Goa is ready to organize its first ever LGBT parade – Goa Rainbow Pride Walk 2017 on October 28. The initiative is aimed at raising awareness about the rights of the LGBT community. In the parade members of the LGBT community and general public will take part.

The parade will be taken out from the Old Secretariat to Miramar beach (approximately five kms) . A film festival will also be held in the state capital, in which 4-5 movies on the struggles of the LGBT community, will be screened. A party will also been organised in one of the beach villages.
The organiser claimed that attacks on transgenders  in the state is common and it is sad that they have to face people’s wrath. The parade will pass without causing any hindrance to the traffic movement, the participants have been allowed to use masks, if they want to hide their identity. However, they have forbidden the participants from wearing costumes that are linked to religious and political personalities.

About the Community: The LGBT community or GLBT community, also referred to as the gay community, is a loosely defined grouping of lesbian, gay, bisexual, and transgender (LGBT) and LGBT-supportive people, organizations, and subcultures, united by a common culture and social movements. Homosexuality and queer identities may be acceptable to more Indian youths than ever before, but within the boundaries of family, home and school, acceptance of their sexuality and freedom to openly express their gender choices still remain a constant struggle for LGBT (lesbian, gay, bisexual, transgender) people.In urban India, where social media and corporate initiatives have created increasing awareness of LGBT rights, the scenario looks more upbeat for gay men than for transgender people or lesbian women. While urban LGBT voices that are heard through several online and real-world platforms form an important part of LGBT activism, these expose only a small part of the diverse challenges faced by the community.Far away from gay pride parades, meet-ups and heated discussions on Twitter, families in rural India have their own ways of dealing with LGBT individuals.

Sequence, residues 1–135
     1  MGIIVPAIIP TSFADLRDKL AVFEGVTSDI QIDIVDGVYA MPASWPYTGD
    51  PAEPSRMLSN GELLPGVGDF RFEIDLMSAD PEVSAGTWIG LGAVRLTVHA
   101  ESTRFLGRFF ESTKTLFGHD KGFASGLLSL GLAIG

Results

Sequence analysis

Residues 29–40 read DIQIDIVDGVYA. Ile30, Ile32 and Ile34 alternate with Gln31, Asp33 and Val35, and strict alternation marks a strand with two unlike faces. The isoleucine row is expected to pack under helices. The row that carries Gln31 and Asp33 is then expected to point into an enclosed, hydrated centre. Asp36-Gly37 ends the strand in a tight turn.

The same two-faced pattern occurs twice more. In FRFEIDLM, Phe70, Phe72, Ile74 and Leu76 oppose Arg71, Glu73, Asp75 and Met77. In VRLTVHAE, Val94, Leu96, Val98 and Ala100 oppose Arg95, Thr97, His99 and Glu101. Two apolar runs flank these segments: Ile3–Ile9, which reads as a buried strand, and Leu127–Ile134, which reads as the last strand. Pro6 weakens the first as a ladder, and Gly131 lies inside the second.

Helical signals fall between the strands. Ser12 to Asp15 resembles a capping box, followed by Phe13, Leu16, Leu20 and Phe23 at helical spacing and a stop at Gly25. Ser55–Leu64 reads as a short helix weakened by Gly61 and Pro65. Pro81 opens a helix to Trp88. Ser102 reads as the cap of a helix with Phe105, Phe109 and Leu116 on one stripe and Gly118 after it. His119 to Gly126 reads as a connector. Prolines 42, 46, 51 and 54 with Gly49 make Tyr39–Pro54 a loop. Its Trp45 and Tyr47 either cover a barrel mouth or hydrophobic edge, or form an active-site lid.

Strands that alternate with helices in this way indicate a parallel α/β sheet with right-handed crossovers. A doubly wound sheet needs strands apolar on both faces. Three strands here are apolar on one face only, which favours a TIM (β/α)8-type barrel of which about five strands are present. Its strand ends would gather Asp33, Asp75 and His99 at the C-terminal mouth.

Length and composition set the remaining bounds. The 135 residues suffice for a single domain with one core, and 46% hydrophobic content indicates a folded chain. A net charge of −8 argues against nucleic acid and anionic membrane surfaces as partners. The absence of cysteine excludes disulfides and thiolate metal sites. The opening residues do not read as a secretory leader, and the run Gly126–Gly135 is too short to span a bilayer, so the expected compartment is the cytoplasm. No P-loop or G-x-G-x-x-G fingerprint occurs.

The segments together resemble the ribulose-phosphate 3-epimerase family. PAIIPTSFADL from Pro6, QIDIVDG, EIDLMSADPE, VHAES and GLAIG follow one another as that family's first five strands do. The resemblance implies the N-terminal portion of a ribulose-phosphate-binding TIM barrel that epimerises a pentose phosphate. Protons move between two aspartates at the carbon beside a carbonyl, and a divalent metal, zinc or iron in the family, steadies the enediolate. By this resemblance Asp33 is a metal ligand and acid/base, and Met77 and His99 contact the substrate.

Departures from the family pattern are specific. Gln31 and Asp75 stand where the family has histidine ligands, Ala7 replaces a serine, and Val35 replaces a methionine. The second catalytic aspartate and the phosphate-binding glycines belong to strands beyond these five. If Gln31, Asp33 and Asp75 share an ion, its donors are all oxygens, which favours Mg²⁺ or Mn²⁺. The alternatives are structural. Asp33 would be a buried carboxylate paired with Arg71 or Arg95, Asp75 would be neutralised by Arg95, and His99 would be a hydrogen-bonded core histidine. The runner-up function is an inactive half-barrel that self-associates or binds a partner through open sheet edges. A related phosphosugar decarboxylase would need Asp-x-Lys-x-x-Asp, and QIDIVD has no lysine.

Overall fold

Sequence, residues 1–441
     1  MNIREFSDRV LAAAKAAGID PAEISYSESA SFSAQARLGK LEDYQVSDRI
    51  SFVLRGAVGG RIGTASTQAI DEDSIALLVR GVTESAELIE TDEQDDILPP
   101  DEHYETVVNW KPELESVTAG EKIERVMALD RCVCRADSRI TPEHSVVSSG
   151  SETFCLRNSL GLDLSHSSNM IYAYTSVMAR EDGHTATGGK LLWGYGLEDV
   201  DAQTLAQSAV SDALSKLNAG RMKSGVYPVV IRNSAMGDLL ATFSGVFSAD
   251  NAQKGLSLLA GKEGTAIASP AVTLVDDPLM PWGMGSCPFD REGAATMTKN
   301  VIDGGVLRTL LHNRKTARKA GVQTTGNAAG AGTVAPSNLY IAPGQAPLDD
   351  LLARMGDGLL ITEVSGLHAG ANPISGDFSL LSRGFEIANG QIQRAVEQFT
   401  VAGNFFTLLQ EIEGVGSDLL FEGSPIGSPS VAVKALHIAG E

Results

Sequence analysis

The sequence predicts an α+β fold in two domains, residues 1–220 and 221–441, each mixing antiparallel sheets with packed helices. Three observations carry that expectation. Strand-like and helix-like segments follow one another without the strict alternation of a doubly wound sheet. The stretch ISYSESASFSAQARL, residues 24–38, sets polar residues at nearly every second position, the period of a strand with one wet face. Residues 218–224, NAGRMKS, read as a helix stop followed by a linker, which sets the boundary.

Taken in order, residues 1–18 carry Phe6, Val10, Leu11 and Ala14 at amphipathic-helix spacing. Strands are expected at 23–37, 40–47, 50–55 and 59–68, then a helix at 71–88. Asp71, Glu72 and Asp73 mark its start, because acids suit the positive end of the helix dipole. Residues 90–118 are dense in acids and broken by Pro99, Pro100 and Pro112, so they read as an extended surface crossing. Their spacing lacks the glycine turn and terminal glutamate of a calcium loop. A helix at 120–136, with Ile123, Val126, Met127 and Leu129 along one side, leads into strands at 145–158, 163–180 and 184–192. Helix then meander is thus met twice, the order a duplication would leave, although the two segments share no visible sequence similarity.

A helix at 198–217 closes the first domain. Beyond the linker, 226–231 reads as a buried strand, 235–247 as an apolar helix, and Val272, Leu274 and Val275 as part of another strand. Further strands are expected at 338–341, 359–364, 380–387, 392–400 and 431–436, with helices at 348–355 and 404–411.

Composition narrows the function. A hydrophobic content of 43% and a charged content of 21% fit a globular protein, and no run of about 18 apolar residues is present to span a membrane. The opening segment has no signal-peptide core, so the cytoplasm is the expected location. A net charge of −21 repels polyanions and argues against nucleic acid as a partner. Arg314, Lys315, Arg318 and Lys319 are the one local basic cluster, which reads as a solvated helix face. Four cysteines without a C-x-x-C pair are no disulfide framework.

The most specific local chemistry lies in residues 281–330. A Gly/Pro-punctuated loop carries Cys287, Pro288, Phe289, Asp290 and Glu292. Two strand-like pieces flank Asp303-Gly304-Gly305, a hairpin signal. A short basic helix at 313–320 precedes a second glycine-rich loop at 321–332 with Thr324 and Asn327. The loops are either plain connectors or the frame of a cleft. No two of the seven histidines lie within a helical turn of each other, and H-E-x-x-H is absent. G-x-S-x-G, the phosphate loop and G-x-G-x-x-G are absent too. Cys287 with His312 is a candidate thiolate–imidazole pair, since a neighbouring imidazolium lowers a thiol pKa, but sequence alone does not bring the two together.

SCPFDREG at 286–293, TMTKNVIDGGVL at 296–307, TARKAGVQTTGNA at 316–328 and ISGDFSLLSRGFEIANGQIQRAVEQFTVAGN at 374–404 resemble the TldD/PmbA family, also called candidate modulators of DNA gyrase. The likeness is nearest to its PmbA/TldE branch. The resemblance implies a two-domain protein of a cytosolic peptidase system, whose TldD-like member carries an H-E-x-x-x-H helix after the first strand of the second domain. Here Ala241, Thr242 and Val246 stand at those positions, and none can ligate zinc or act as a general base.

Legal Outcome in India: According to law, earlier Section 377 of the Indian Penal Code (IPC), which criminalises consensual sexual acts of Lesbian, Gay, Bi-sexual and Transgender (LGBT) adults in private, amounts to denial of their rights to privacy and dignity and results in gross miscarriage of justice. India’s Supreme Court has that the right of the country’s LGBT people to express their sexuality without discrimination. Sexual orientation is covered under clauses in the Indian Constitution that relate to liberty, despite the Government claiming there was no legal right to privacy.

The SC judgement read: “Sexual orientation is an essential attribute of privacy.”
“Discrimination against an individual on the basis of sexual orientation is deeply offensive to the dignity and self-worth of the individual. Equality demands that the sexual orientation of each individual in society must be protected on an even platform.”